Streaming sells: How consumers feel about the upcoming Disney+ streaming service
Disney recently announced that it is launching a new streaming service called Disney+ this fall. The multibillion dollar company is also forming a bundle with Hulu to compete with Netflix.
Some people are excited for this change. Senior Emma Kiser said she could see herself getting Disney+ if it is not too expensive.
“I could see myself getting it because of all the throwback shows and it would be nice for my little siblings,” Kiser said.
Disney+ will only be $6.99 a month and a bundle of Disney+ and Hulu will be available for $12.99 per month. Netflix alone is $12.99 a month.
In the last several years, Disney has purchased large brand names such as Marvel and Star Wars. Once Disney+ is available to the public, Disney owned movies and shows will be taken off Netflix.
According to digitaltrends.com, Disney is releasing brand new shows for their streaming service such as The Mandalorian- a Star Wars spinoff series, Loki- a Marvel series, and a new High School Musical series. Disney+ will also have fan favorite movies and shows available at launch including all 30 seasons of The Simpsons, The Lion King, and several Disney Pixar movies.
Some fans don’t seem to be too worried over Disney’s massive gain of power in the entertainment industry.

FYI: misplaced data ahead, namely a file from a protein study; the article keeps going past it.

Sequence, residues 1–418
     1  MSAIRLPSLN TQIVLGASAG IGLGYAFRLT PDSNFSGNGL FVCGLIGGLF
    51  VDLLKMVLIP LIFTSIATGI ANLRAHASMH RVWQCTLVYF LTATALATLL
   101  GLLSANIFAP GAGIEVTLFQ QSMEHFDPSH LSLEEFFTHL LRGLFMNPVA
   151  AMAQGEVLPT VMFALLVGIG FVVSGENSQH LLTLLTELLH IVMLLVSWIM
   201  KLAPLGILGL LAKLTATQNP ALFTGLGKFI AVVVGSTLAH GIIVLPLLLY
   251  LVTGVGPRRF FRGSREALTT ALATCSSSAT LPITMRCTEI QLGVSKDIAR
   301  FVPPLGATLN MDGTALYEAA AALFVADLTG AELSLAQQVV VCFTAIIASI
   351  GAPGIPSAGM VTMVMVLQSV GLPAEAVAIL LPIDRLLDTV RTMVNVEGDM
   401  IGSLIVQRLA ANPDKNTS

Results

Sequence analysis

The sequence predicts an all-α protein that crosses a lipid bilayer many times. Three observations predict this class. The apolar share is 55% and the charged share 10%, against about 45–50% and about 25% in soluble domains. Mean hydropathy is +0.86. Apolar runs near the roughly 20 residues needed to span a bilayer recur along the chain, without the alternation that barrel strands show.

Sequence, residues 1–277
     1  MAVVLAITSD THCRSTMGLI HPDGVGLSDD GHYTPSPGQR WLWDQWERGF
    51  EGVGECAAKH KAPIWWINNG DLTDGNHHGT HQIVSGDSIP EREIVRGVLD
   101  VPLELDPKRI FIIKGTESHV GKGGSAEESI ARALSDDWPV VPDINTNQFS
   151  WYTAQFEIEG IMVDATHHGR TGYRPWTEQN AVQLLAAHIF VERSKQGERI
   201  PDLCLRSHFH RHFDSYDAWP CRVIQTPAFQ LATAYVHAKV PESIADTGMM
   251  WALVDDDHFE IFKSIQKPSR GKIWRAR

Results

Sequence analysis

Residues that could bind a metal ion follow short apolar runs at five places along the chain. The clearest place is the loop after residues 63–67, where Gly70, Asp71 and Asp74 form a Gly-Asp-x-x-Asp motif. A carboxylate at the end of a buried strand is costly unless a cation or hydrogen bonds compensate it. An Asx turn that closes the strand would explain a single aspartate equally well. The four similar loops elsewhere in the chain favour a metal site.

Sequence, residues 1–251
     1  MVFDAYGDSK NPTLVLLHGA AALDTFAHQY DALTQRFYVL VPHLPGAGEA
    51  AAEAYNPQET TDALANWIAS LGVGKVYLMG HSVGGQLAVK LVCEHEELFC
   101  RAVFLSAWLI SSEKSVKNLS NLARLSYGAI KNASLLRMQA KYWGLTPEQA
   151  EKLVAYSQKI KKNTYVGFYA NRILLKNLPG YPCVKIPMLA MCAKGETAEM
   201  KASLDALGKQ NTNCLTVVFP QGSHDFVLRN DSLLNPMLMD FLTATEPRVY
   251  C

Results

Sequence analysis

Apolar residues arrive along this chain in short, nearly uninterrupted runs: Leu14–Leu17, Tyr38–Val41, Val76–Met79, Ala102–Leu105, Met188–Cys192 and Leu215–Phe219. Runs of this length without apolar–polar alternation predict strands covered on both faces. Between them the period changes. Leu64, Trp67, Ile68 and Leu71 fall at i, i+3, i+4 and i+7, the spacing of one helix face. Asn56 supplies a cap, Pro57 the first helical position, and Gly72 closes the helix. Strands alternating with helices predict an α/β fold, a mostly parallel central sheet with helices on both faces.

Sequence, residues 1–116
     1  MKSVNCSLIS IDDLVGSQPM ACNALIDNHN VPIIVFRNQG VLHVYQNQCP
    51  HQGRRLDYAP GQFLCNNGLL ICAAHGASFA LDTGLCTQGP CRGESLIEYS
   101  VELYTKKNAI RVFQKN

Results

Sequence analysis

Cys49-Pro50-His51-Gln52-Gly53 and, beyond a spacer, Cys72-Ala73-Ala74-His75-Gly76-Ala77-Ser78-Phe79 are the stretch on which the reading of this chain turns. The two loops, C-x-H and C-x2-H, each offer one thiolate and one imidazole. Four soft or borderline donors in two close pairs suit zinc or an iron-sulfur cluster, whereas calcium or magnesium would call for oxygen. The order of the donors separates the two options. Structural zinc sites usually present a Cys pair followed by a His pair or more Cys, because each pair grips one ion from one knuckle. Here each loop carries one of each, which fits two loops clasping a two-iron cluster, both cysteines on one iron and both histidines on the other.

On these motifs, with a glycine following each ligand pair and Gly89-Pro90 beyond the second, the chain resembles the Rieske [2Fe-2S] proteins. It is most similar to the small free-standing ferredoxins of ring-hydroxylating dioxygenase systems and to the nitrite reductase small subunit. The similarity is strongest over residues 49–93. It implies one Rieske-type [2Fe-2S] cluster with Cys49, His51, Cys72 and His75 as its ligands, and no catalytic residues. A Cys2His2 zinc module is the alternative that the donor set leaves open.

“It’s fair because it’s capitalism. But I can see why people would be angry. Disney is basically controlling what today’s kids are watching,” Kiser said.
Others have concerns about Disney owning just about all the shows and movies generations of kids have grown up with.
English and film teacher Laurie Repko initially said that she was fine with Disney capitalizing on a new streaming service because “it’s a free market.”
After more consideration, Repko had a completely different opinion. She came to the conclusion that Disney is unfairly controlling the market at the expense of everyday people having to pay for yet another streaming platform.
“I might have to go back to paying for cable,” she half joked about the numerous streaming services consumers must purchase in order to watch different shows and movies.
“Common people need access to the stories that make us American,” she said.
Repko fears that Disney taking their property off other streaming services creates less accessibility for people who might not be able to afford the monthly fee of yet another subscription service. “Disney is cornering the market and inching toward monopoly at the expense of our pocketbooks,” she said.
This affects her job as a teacher because classic Disney movies have been used as examples in class because of their universal relatability. “Ten years from now,” Repko said, “I might say to a kid, ‘What do you mean you haven’t seen The Lion King?’”
Repko concludes that she is “for the maintenance and expansion of culture” and believes that Disney+ is an “elitist” and unfair service which will deny certain people access to the stories that have shaped so much of American culture.
This massive influence over the industry has allowed Disney to provide a cheaper streaming service for their fans, but there are opposing opinions as to whether Disney has the right to control so much of the market. Disney fans will have to wait and see how well the new subscription service is received on Nov. 12 of this year when Disney+ is released.